The Moon's history is divided into pre-Nectarian, Nectarian, Imbrian, Eratosthenian, and Copernican periods from oldest to youngest. At its simplest, surfaces with more craters have been exposed to space for longer, so are older, than surfaces with fewer craters. Volcanoes can spew out large lava deposits that cover up old cratered surfaces, obliterating the cratering record and resetting the crater-age clock.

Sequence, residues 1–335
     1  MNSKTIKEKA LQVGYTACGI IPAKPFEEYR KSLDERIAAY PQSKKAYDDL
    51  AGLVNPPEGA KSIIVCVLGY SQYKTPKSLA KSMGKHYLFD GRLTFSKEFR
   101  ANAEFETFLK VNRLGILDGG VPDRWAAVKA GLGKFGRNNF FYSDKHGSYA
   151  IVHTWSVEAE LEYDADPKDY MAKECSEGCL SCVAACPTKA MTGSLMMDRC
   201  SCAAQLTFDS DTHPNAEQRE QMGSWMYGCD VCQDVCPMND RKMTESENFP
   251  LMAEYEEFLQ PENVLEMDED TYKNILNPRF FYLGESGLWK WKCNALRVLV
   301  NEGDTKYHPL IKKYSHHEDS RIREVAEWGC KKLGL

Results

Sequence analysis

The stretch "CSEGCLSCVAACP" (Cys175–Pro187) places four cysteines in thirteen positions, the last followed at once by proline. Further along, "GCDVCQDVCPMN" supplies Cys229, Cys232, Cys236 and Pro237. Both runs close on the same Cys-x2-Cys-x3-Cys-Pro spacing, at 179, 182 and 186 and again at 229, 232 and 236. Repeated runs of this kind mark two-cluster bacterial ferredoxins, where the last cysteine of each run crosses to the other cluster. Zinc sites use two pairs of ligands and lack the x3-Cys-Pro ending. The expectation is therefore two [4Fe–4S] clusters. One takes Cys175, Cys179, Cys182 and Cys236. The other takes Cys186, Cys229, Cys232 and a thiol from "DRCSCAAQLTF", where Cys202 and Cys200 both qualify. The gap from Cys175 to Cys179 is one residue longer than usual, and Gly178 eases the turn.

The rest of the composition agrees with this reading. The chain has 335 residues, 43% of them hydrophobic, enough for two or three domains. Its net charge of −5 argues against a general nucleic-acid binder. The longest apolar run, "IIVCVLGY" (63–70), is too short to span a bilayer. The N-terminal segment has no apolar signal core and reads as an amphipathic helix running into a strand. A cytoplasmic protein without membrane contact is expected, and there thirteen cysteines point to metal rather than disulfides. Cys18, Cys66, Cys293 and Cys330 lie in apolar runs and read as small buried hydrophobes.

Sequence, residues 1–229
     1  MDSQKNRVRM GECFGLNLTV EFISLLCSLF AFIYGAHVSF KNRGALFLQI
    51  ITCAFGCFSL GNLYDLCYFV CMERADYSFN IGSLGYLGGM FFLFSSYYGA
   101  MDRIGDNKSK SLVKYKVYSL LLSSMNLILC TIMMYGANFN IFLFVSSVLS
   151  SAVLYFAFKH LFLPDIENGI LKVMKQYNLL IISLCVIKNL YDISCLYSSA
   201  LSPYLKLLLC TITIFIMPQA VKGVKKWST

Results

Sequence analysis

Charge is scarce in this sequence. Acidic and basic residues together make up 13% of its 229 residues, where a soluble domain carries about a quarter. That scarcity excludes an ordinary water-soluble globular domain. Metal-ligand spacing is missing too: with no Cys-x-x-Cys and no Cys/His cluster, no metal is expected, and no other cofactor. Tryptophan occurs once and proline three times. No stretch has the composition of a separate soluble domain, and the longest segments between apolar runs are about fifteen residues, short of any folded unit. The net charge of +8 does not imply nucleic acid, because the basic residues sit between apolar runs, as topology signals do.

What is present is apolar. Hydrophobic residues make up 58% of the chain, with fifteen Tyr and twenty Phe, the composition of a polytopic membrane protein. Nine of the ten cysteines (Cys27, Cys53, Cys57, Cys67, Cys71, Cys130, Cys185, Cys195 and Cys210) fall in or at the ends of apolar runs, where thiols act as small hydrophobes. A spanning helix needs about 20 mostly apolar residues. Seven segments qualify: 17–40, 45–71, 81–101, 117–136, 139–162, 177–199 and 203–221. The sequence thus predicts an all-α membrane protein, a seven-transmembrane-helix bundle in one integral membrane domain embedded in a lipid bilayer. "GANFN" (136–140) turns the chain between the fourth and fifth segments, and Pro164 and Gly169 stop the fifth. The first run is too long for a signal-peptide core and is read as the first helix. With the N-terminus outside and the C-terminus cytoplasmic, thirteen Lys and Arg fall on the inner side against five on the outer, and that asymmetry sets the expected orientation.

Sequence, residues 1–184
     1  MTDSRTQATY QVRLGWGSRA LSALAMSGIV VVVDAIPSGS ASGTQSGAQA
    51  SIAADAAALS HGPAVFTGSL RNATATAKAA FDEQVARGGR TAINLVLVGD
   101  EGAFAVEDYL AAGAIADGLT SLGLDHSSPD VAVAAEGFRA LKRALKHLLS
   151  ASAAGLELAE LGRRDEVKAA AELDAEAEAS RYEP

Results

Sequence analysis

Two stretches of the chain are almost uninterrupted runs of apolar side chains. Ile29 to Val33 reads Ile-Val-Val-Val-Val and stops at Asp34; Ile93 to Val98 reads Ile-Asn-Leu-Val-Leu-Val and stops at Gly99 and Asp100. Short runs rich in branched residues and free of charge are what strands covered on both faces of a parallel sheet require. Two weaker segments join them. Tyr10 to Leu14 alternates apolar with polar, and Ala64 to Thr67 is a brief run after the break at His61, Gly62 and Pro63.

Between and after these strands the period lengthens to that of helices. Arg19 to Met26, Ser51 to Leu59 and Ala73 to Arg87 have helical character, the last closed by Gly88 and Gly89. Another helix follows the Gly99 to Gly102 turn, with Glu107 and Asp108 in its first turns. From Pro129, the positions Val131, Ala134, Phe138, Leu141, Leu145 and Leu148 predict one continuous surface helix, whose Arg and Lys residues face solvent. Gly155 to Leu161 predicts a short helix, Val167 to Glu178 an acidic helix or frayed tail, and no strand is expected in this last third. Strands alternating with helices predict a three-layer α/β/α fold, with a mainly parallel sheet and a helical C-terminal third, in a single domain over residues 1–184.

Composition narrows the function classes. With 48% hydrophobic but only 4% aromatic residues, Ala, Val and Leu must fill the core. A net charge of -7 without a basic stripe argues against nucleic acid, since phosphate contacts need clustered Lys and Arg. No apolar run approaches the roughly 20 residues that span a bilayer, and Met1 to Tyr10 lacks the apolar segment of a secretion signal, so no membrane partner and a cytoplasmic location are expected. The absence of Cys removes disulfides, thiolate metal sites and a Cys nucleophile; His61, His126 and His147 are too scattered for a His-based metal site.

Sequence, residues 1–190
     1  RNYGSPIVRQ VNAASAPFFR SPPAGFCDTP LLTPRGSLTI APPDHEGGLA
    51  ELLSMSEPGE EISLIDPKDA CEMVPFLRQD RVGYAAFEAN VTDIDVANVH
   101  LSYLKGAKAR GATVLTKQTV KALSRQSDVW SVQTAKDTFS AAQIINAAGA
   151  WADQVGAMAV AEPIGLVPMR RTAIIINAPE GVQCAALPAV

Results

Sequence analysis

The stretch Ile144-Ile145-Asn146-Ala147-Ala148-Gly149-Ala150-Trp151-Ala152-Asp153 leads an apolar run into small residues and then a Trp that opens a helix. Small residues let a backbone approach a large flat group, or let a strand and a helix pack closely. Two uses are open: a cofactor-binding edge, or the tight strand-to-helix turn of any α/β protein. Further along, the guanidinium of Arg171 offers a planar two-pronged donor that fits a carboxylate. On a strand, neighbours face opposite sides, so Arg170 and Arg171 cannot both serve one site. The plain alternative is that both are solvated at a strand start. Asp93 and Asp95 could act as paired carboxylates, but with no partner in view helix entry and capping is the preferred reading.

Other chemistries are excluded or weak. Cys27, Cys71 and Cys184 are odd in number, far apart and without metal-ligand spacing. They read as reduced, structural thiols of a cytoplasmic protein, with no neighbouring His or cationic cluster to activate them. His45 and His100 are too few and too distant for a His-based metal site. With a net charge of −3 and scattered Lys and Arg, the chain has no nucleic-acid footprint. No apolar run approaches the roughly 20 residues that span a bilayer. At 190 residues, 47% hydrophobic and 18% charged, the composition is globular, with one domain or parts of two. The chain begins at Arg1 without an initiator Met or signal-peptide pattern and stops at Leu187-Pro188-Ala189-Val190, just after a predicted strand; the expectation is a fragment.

To show you how this calibration changes with time, here's a graphic developed from the previous version of The Geologic Time Scale , comparing the absolute ages of the beginning and end of the various periods of the Paleozoic era between and Relative ages are more accurate, among scientists anyway. Any craters or lava flows that happened inside the Imbrium basin or on top of Imbrium ejecta are younger than Imbrium. Earth is an unusual planet in that it doesn't have very many impact craters -- they've mostly been obliterated by active geology. The book design presents the material in easily digestible chapters, with clear delineations between sections and well-placed artwork. Igneous Rocks and Intrusive Igneous Activity.